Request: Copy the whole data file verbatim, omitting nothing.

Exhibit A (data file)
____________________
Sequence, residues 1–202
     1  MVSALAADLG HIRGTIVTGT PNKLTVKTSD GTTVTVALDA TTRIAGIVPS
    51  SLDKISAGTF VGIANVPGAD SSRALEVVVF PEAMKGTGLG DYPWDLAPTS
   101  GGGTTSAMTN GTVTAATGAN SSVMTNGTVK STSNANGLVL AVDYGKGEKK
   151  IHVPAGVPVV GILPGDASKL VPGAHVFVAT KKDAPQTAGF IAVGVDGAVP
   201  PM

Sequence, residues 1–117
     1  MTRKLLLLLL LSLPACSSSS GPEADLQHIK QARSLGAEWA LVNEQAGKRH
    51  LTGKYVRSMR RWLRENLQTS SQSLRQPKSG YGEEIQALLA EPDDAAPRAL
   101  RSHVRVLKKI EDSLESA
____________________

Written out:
Sequence, residues 1–202
     1  MVSALAADLG HIRGTIVTGT PNKLTVKTSD GTTVTVALDA TTRIAGIVPS
    51  SLDKISAGTF VGIANVPGAD SSRALEVVVF PEAMKGTGLG DYPWDLAPTS
   101  GGGTTSAMTN GTVTAATGAN SSVMTNGTVK STSNANGLVL AVDYGKGEKK
   151  IHVPAGVPVV GILPGDASKL VPGAHVFVAT KKDAPQTAGF IAVGVDGAVP
   201  PM

Sequence, residues 1–117
     1  MTRKLLLLLL LSLPACSSSS GPEADLQHIK QARSLGAEWA LVNEQAGKRH
    51  LTGKYVRSMR RWLRENLQTS SQSLRQPKSG YGEEIQALLA EPDDAAPRAL
   101  RSHVRVLKKI EDSLESA